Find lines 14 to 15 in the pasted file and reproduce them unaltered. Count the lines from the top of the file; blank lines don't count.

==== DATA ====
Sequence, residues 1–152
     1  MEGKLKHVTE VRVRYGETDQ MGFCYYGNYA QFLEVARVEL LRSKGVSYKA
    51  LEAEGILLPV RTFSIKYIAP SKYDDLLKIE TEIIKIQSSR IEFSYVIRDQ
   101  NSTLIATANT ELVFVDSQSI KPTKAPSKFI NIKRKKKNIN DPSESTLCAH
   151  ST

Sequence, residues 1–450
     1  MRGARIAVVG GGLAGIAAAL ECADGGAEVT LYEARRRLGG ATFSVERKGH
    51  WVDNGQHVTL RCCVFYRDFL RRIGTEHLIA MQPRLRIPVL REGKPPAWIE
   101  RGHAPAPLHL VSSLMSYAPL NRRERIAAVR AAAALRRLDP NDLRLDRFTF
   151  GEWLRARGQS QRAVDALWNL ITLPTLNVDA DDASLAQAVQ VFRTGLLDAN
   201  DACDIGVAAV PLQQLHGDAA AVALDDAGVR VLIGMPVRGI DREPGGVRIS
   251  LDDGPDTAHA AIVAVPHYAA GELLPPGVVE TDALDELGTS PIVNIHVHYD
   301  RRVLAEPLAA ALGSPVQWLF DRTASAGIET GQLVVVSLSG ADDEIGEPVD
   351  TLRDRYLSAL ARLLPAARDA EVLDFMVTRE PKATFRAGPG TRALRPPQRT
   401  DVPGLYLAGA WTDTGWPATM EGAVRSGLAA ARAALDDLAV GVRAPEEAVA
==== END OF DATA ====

   351  TLRDRYLSAL ARLLPAARDA EVLDFMVTRE PKATFRAGPG TRALRPPQRT
   401  DVPGLYLAGA WTDTGWPATM EGAVRSGLAA ARAALDDLAV GVRAPEEAVA